A Spectacular Start Followed By Less Spectacular Follow-Ups

In July 1986, the Marquis Theatre was ready for use. It opened its doors with a series of concerts by Shirley Bassey, who is now sometimes called Dame Shirley Bassey because she has been knighted. The singer can claim several distinctions beyond that. One excellent example is how she became the first Welshwoman to release a number-one single in the United Kingdom because of “As I Love You” in 1959.

Subsequently, the Marquis Theatre started hosting the musical Me and My Girl the next month. It was a success by any reasonable standard. The musical continued running until December 1989, thus making for a total of 1,420 performances at the Marquis Theatre. Moreover, Me and My Girl claimed three of the 13 Tony Awards it was nominated for in its year. What made the musical particularly impressive was that it was going up against Starlight Express and Les Misérables, both of which started their original Broadway runs in early 1987.

Since then, the Marquis Theatre has seen less spectacular results. The venue has seen notable successes since then. None of them have managed to match their predecessor. Besides those, there have also been some flops from time to time. To name an example, there was Shogun: The Musical in 1990, which was based on both the book of the same name and the show based on the book of the same name. The story was loosely based on the real experiences of the Englishman Williams Adams toward the end of Japan’s Sengoku period, though perhaps unsurprisingly, it greatly exaggerated its hero’s part in those events. Still, Shogun was quite influential in certain circles, not least because it hooked the imaginations of an entire generation of budding scholars of pre-modern Japan in the English-speaking world. Sadly, the musical did poorly by ending after just 72 performances. Its screen-based counterpart had a run-time of approximately 12 hours. Reportedly, the musical’s condensing of events was not handled well, to say the least.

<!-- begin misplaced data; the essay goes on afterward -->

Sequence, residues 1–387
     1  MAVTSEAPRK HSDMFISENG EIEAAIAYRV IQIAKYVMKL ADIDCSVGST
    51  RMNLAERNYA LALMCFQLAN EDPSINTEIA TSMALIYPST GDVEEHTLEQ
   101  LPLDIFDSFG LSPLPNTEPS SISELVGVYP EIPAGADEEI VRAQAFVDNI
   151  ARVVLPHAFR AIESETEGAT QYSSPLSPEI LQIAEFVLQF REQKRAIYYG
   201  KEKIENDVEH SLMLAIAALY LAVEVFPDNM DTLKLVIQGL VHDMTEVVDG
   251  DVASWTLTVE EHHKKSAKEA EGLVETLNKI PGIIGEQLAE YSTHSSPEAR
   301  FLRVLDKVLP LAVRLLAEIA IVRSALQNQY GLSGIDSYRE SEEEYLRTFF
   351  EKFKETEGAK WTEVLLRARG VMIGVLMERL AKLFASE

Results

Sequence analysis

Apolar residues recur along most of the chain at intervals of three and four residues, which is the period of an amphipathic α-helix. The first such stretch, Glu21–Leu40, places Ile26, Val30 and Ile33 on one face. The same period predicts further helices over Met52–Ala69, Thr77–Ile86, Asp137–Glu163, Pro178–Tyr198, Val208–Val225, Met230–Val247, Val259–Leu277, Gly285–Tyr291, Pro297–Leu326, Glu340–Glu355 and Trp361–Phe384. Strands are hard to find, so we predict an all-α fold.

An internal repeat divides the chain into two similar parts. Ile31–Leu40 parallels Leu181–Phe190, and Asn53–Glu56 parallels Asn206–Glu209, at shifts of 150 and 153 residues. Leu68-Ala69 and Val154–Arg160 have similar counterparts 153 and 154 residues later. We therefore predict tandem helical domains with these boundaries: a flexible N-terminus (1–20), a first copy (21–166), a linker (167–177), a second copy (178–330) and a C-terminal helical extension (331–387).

Recent Changes in Ownership

A couple of ownership changes happened in the late 2010s. First, Vornado Realty Trust gained full ownership of the New York Marriott Marquis’s retail and signage in September 2018. That included the Marquis Theatre. Then, Vornado Reality Trust sold almost half but still less than half of the Marquis Theatre’s ownership to a group of investors in April 2019. These ownership changes haven’t impacted the Nederlander Organization, which continues to run the venue as before.

Other than these things, the most notable events to impact the Marquis Theatre would be the COVID-closures in March 2020. That had less of an impact on the venue than on its counterparts. After all, the musical Tootsie had already closed in January 2020. As a result, there wasn’t a production that could be disrupted at the time. The Marquis Theatre has since reopened in April 2022.






Jackson, Kenneth T. The Encyclopedia of New York City. New Haven, CT: Yale University Press, 2011.

Haskell, David. The Encyclopedia of New York. New York: Avid Reader Press, an imprint of Simon & Schuster, Inc., 2020.

Bloom, Ken. Broadway: Its History, People, and Places: An Encyclopedia. New York: Routledge, 2004.